This is a photo created by a young Swedish photographer named Eric Johanssen. This talented young man creates images in his fertile imagination then, through his photographic and computer skills, converts them into hard copy photographs for the rest of us to admire and wonder at.
The concept is not new. In fact, there’s an exhibition in New York City this month featuring manipulated photographs from decades past. One of these shows the infamous dirigible Hindenburg moored to the radio tower of the Empire State Building, sometime in the 1930’s. It’s amazing, and the photo has spread around the web. The problem: It’s a fraud. It never happened. It’s an early manipulated photograph. Back in the 1930’s, this was accomplished slowly and with great photographic artistry. Today, any competent person can accomplish much the same thing with a computer and Photo Shop. It happens in great volume too.
This made me realize that we had crept into another major paradigm shift that I hadn’t even noticed: The photograph is no longer the trusty, evidenciary record that it once was, and never will be again.
Remember the classic expression, “One picture is worth a thousand words?” Not any more.
The film noir blackmail threat of “I have photographs of you both … together” means nothing.
The Perry Mason gotcha line, when confronting the culprit with “Don’t deny it. We have the whole thing on film!” A paralegal could get the guy out from under that accusation, and maybe get him a court settlement for his trouble..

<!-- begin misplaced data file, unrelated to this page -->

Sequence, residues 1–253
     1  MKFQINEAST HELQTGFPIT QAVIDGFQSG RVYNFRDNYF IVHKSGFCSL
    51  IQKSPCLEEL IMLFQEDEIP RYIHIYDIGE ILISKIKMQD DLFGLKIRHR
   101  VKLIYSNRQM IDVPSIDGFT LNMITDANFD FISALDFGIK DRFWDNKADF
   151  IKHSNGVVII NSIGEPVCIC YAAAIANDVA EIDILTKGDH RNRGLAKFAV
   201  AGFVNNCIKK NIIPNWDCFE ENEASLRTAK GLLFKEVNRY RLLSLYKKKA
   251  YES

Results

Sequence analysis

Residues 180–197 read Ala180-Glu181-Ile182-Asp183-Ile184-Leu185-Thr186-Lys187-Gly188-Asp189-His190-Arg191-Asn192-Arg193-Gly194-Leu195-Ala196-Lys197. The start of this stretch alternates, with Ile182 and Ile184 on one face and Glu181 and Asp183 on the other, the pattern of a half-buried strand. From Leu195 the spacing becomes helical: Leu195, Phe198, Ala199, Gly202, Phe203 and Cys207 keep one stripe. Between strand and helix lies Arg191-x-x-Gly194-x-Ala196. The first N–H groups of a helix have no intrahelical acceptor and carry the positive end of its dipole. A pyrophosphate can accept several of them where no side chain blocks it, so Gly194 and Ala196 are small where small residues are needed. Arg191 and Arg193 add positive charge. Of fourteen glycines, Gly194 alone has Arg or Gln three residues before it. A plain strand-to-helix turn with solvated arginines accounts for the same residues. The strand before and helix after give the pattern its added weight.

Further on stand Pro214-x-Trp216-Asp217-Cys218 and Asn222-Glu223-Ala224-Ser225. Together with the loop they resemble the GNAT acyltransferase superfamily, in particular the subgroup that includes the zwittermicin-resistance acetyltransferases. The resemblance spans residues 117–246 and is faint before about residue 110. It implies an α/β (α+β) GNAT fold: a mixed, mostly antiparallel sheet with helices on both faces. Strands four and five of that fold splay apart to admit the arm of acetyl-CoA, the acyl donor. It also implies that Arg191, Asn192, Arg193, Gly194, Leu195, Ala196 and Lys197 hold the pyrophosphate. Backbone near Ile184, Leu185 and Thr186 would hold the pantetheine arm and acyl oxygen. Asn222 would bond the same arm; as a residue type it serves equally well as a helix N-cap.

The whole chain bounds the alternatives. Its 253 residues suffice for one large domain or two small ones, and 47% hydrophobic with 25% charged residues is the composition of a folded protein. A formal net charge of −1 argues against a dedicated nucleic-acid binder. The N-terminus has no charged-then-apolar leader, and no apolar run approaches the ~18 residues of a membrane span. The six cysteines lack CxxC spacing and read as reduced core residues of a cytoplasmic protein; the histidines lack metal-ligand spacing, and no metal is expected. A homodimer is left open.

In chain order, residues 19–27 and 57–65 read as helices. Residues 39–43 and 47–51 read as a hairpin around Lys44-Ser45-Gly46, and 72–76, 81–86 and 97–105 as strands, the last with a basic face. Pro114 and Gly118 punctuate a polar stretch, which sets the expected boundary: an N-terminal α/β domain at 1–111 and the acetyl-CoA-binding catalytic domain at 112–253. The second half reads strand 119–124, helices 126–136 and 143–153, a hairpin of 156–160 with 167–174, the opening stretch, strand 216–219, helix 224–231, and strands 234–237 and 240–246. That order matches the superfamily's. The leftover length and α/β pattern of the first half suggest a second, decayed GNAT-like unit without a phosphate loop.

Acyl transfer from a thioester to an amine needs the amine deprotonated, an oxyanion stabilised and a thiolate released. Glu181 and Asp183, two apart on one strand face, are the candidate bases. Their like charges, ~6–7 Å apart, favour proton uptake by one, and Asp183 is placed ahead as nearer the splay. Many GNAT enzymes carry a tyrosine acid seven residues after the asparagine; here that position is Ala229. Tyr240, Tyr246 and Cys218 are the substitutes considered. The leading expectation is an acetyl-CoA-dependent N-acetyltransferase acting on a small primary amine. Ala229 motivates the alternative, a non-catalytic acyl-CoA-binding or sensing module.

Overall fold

Fashion models and celebrities can easily arrange to have a spotless complexion, designer clothes, a new hair look, even drop 20 pounds or so, and it wouldn’t take a photo studio more than an hour to make it all come true.
I have an acquaintance whose grandson makes up authentic looking photographs of family members with historical characters. Would you like to see yourself at the Gettysburg Address standing beside President Lincoln? It can be done.
Finally, of course, we’ll have to bury the old standby: “Seeing is Believing.”
Oh well, Sic Transit Gloria Mundi, and all that jazz. The photograph, one more staple of reality and truth we used to rely upon, is gone forever. It has morphed into just one more communication device that can be manipulated to sway the multitudes.
It all gives new meaning to that old philosopher, Groucho Marx’s, classic line: “Who are you going to believe: Me or your lying eyes?”